He said it.
"The length of the campaign is way too long," said Mayor Dewey Bartlett, responding to a question about the new non-partisan rules for Tulsa's mayoral election.
Murmurs of assent from the audience notwithstanding, it's actually now just a short sprint to the November finish line for Bartlett and opponent Kathy Taylor.
Each answered crisply in response to a variety of questions posed in an Oct. 7 debate hosted by radio station KWGS and the local Kiwanis club.
Bartlett struggled in primary debates, but he cracked jokes and appeared much more at ease in presenting himself as a job creator interested in improving government efficiency.
"My basic belief is we can manage our way out of this problem," Bartlett said when asked about recent concerns related to jail overcrowding.
Taylor, who served as mayor before Bartlett, spoke more aggressively against her opponent.
"I governed during the nation's record recession. We had $84 million dollars less in our operating budget than Mayor Bartlett has today," Taylor said.
Cops for Kathy.
Tulsa's police union has endorsed mayoral hopeful Kathy Taylor.
The Tulsa Fraternal Order of Police voted Oct. 2 to support Taylor over Mayor Dewey Bartlett.
In a news conference the next morning, Ron Bartmier, a former Tulsa police officer now serving as president of the Oklahoma Fraternal Order of Police, compared former mayor Taylor's approach to police to how Bartlett has dealt with the police union.
"We met with Kathy Taylor and her administration for a few years in dealing with all the situations and economic problems as well as contract negotiations. While we didn't always see eye to eye on things, she was very fair and she always had a seat at the table for us," Bartmier said. "I can't really say the same thing about the current administration. It's like, 'My way or the highway.'"
At the same news conference, Taylor laid out some ideas for improving public safety, including strengthening the city's 911 call services. Another group, a public safety task force convened by the city, noted in December the reduction in 911 staffing over the years. While Taylor stopped short of saying more people would be hired, she pledged to study what the appropriate staffing should be as a way to improve service.
In an interview, Taylor said the staffing level is "really something that needs to be evaluated on a regular basis based upon the number of calls that are coming in."
Taylor's plan also calls for working with the police department to civilianize positions, a process that's already underway. Her plan also calls for more crime data to be made public and upgrading old record management systems.
Among other proposals, Taylor also talked about emulating what are known as "drug-free neighborhood detail" programs in cities like Kansas City and Jacksonville, Fla. This approach involves collaboration between police, prosecutors, civil attorneys and community groups, all focused on reducing drug dealing.
The city has already had more homicides this year than last year, through statistics for robberies and aggravated assaults don't show an upward trend.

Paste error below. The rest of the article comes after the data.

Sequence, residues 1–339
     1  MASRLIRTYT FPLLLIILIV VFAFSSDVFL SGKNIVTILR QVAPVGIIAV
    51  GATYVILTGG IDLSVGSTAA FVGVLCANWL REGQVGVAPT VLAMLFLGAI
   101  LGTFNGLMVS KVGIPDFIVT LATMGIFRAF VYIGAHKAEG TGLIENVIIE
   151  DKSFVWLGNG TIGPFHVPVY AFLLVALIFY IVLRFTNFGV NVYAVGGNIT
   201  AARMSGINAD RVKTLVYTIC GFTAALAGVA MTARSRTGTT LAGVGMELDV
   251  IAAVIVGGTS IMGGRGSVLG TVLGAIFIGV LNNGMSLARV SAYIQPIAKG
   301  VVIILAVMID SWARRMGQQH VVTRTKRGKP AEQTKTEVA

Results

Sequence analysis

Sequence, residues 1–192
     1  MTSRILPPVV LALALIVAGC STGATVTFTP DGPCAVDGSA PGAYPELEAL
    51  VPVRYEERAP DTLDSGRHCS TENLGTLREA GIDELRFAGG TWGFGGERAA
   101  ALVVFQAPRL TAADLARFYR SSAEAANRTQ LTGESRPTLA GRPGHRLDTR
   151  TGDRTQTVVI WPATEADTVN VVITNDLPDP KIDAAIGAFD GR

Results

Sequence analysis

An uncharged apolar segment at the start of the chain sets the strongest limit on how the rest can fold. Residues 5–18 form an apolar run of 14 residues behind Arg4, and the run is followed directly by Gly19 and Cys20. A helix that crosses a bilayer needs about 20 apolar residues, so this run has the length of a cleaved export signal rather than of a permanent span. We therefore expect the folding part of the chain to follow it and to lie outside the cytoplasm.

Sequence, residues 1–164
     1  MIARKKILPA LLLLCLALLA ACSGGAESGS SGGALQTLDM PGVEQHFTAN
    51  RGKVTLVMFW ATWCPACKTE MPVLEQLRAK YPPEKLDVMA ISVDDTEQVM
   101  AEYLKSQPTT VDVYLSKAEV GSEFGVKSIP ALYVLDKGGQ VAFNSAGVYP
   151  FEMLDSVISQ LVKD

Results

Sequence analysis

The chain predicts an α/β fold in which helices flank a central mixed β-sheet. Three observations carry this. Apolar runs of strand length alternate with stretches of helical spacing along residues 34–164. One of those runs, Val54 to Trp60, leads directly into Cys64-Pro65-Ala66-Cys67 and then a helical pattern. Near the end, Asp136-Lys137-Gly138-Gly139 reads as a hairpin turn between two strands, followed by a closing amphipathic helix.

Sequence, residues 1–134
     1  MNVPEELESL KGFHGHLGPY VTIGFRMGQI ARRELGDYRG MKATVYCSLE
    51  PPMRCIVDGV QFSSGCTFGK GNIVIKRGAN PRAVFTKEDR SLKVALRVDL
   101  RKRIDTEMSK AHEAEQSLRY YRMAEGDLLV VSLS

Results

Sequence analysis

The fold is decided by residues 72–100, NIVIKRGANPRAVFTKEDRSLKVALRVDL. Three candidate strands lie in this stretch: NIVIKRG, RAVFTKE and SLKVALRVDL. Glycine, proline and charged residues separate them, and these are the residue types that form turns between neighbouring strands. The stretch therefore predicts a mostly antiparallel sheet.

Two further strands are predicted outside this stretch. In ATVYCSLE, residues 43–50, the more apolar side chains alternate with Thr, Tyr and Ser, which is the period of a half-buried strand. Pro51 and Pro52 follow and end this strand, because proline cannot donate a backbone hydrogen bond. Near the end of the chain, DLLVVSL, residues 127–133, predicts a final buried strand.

In an interview, Taylor cited results of a 2011 citizens survey that listed public safety as a strong concern in Tulsa.
"I think a mayor needs to listen to that. Secondly, you look at your peer cities. We should be, in all categories of crime, better and certainly not worse than our peer cities," Taylor said.
School board announcement.
Once again, Keith Ballard has postponed retirement.
At the Oct. 7 Tulsa Public Schools board meeting, it was announced that Ballard will stay on as superintendent through the 2014-2015 school year.
Ballard took over the top spot in 2008, but in May of 2012 announced plans to retire in a year. Instead, he agreed to stay on after some of the district's top administrators left for other jobs.
This school year, there's been a major administrative re-organization, with the creation of new Instructional Leadership Director positions as well as a new number two position now in place. Ballard will stay on to help with the change and likely continue to be a strong voice in the statewide education arena.
Geopolitical price pull.
Oklahoma gas prices this year never topped the record levels of $3.95 per gallon set in 2008.
But the range has been from roughly $2.80 to $3.80 over the past several months, largely without the hue and cry from the earlier era.
"I think we've come to accept a new normal for gasoline prices," said Chuck Mai, vice president of public affairs for AAA Oklahoma.
At least the price has creeping toward that lower end of the range in recent weeks, dipping below the $3 mark. That trend should continue, Mai said.
"We expect prices to fall another 25 or 30 cents by the end of the year, that's if nothing catastrophic happens," Mai said.
News that we must report.
Police on Oct. 7 arrested Bradley Morris on suspicion of breaking a law prohibiting sexual contact between teachers and high school students. He is now formerly Urban Tulsa Weekly's editorial manager and arts writer.
From 2000 until 2011, Morris taught music at Edison High School. Multiple felony charges have been filed in Tulsa County District Court against Morris, 44, including three counts of sexual battery. Records show that investigators found evidence of improper contact taking place on four different dates in 2010 and 2011.
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